A woman’s mental health journal: “I’m god or I use to be”
Her husband made a marginal note: “Did you quit or were you fired?”
Beautiful, crushingly so, you’re going to be the rest of my life. You are a forest, not a temple, you can’t be destroyed and desecrated, and you will always grow back over and over no matter how badly you’re devastated. If I was given the option to be a ‘little’ manic for the rest of my life, I would sign my name on the dotted line and say “HELLS YES!”. Being that ‘little’ bit manic simplifies the world, people smile back at me; I can easily become that easy-going sociable deity that my anxiety holds back from. My anxiety shifts its perception, people are no longer the scary or judgmental third parties of my life, they’re just people. Crazily enough my jokes to strangers even seem funnier (I’ve been having a giggle about my doctor being called Fernando for the past week). It makes me put my opinion forward, I always have an opinion in my classes at university, but hypomania makes me more forthcoming, people come to me for help with their work. The ability to be social is my ideation of heaven, without it I feel like I’m living a type of sub-life.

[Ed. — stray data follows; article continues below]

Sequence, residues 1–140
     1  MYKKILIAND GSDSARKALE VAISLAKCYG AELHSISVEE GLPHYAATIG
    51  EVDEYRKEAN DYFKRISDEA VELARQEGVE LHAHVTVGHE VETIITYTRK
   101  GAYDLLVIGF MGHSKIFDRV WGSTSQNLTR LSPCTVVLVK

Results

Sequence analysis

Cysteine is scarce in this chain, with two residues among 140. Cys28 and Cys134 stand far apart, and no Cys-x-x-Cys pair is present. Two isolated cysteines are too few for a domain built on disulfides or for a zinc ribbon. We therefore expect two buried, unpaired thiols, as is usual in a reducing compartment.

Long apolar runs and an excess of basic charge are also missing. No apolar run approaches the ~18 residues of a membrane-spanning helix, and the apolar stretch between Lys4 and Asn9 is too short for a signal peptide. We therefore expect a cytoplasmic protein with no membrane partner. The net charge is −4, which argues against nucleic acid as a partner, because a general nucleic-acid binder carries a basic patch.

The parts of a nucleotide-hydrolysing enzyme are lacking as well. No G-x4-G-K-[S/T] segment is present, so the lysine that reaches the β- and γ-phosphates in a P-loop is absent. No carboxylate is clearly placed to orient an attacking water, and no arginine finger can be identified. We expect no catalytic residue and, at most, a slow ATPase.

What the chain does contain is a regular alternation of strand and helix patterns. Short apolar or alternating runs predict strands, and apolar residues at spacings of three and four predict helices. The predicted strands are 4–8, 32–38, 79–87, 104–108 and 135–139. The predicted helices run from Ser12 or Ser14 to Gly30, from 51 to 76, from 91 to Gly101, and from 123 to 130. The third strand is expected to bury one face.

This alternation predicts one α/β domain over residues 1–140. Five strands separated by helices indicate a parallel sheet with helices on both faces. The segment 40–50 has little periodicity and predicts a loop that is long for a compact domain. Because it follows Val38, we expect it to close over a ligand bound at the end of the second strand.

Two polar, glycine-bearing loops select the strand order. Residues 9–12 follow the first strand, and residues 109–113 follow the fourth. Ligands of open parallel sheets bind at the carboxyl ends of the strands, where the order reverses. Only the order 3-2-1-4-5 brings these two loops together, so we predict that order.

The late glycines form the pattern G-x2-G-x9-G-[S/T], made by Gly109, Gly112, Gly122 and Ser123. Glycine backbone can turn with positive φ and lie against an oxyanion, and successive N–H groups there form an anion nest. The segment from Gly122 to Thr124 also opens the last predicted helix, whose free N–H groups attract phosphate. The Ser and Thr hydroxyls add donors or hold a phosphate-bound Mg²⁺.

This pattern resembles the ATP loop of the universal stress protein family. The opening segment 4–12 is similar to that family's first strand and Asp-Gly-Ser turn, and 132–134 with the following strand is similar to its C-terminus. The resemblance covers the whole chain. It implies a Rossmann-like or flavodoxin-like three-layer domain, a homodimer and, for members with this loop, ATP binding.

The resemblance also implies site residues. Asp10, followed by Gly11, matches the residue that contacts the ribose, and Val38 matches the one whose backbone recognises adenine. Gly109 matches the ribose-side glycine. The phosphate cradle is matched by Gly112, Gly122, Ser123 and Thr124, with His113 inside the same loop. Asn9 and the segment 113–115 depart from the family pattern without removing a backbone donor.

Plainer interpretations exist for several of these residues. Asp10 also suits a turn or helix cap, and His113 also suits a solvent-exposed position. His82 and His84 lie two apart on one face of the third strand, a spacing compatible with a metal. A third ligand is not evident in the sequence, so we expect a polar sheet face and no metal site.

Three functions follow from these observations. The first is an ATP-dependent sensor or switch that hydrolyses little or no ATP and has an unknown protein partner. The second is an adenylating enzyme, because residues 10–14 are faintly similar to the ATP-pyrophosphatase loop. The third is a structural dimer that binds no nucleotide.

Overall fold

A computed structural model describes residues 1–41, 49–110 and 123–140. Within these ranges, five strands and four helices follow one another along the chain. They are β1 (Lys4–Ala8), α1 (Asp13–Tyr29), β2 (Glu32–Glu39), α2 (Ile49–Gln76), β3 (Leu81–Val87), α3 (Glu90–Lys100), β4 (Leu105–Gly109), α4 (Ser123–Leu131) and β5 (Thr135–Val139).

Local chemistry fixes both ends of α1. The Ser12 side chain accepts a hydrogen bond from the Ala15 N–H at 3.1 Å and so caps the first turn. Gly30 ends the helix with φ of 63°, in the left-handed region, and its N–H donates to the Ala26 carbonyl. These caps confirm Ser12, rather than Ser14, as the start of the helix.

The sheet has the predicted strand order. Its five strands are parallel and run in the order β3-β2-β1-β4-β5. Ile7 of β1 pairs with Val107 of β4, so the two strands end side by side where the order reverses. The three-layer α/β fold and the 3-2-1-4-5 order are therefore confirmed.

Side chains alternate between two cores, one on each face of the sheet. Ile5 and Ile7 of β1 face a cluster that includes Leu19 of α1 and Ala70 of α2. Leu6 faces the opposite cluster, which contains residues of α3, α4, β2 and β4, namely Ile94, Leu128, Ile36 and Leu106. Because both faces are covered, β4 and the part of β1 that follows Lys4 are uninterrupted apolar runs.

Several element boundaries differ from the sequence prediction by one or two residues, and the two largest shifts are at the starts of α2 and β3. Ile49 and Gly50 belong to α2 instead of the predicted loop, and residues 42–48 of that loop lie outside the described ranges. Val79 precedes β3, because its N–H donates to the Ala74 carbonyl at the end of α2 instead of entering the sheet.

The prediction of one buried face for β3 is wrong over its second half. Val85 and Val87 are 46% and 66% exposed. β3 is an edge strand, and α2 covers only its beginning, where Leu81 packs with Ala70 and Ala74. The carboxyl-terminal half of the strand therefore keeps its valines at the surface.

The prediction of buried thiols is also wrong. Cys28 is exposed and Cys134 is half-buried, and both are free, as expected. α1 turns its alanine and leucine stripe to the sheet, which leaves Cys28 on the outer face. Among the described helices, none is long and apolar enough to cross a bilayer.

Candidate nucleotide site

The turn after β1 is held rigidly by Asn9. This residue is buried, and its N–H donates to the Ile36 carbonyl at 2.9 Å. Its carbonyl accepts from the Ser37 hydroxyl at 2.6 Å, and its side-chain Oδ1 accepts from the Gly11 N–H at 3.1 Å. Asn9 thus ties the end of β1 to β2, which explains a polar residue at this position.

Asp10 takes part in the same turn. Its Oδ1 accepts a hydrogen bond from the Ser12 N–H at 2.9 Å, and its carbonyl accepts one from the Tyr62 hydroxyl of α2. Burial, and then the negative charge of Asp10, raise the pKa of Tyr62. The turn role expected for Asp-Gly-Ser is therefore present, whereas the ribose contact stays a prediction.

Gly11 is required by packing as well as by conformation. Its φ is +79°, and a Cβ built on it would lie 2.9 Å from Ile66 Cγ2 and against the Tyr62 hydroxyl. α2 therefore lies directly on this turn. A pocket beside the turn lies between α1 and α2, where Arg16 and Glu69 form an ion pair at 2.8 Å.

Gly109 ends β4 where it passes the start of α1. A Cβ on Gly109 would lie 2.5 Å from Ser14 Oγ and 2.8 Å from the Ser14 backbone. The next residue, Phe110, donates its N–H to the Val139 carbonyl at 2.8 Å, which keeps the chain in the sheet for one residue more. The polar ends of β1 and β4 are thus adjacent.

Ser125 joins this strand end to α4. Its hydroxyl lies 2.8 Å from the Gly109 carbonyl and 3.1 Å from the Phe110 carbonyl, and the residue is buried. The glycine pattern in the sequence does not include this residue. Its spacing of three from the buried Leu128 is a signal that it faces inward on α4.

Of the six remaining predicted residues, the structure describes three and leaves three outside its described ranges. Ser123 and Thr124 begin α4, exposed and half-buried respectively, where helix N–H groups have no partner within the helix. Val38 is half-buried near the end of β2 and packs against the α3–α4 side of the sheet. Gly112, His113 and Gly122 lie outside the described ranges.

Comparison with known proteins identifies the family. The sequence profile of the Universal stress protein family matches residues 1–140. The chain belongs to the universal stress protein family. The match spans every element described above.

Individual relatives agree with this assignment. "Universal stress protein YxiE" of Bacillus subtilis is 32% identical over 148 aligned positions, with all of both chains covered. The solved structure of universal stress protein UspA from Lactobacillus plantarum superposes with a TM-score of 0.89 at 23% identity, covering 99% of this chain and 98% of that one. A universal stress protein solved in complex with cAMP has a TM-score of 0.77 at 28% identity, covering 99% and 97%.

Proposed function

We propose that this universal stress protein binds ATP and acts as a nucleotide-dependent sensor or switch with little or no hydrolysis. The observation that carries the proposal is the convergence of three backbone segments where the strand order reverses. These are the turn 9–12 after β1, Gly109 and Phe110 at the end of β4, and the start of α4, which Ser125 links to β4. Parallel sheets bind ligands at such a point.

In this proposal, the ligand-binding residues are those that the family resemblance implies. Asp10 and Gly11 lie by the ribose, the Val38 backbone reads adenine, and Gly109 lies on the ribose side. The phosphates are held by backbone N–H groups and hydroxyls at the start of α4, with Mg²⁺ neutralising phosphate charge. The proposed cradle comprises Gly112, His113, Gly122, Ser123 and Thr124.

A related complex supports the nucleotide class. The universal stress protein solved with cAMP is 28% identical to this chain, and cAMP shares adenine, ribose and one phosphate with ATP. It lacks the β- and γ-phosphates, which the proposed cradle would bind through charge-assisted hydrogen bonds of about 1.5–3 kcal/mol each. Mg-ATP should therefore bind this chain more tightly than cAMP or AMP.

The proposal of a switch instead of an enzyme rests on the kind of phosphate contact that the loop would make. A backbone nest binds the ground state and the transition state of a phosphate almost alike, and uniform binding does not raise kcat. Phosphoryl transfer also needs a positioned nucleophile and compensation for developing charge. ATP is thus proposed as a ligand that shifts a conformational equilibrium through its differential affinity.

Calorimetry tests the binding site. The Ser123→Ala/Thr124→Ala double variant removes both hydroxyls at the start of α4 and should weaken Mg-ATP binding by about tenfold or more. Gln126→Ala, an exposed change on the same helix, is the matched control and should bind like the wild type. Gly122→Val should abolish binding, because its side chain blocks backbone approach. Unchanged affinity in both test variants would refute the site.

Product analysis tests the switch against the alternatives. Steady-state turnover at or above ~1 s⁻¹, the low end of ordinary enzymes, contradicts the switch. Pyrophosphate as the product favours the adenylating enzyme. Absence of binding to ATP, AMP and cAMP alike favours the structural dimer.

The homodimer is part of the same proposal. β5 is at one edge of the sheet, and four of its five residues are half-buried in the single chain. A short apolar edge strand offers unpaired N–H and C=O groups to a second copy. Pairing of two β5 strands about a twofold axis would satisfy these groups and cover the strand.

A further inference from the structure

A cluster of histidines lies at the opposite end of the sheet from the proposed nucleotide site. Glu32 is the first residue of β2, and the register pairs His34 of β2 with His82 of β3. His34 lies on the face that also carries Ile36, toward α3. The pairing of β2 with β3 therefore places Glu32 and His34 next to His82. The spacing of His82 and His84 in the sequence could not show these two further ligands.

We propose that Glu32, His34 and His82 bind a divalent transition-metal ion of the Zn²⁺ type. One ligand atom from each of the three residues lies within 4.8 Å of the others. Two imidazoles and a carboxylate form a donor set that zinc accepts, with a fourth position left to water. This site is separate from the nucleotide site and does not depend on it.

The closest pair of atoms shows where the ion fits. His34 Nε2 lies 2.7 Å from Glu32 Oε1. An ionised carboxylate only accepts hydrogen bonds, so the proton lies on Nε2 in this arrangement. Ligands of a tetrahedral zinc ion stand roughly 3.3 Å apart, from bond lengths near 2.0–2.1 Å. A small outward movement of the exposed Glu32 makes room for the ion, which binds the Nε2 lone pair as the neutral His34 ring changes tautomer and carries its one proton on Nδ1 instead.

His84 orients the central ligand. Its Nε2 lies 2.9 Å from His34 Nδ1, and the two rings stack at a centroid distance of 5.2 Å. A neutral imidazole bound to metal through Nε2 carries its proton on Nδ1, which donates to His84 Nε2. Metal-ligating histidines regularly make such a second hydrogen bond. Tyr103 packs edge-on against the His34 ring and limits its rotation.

My go-to phrase during hypomania is “shit happens, life goes on”, I live by that phrase a lot, during hypomania the realisation that nothing in this world is permanent, not even our worries is endlessly realized. The notion that I should be just manic enough, on the low end of the spectrum. On one side of the spectrum you think that you’re Jesus, the other end promoting creativity and productivity. A common misconception surrounds the belief that the less medicine someone is on the less defective they are. Crazy doesn’t truly exist is any whole form, being diagnosed with bipolar doesn’t mean you’re crazy, maybe it merely means that you’re more sensitive to things that people can’t see or feel, or maybe it’s never truly crazy, just a little bit mad, how much depends on where you fall on the spectrum, how much depends on how lucky you are.